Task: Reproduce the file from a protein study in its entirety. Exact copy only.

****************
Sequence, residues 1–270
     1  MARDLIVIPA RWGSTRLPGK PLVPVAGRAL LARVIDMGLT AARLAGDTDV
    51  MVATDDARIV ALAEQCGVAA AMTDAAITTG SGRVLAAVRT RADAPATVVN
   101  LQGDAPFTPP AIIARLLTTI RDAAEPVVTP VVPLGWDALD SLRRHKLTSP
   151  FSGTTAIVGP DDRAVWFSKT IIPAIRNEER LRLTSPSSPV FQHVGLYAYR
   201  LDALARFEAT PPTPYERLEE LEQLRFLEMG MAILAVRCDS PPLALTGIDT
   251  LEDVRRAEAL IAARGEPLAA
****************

Sequence, residues 1–270
     1  MARDLIVIPA RWGSTRLPGK PLVPVAGRAL LARVIDMGLT AARLAGDTDV
    51  MVATDDARIV ALAEQCGVAA AMTDAAITTG SGRVLAAVRT RADAPATVVN
   101  LQGDAPFTPP AIIARLLTTI RDAAEPVVTP VVPLGWDALD SLRRHKLTSP
   151  FSGTTAIVGP DDRAVWFSKT IIPAIRNEER LRLTSPSSPV FQHVGLYAYR
   201  LDALARFEAT PPTPYERLEE LEQLRFLEMG MAILAVRCDS PPLALTGIDT
   251  LEDVRRAEAL IAARGEPLAA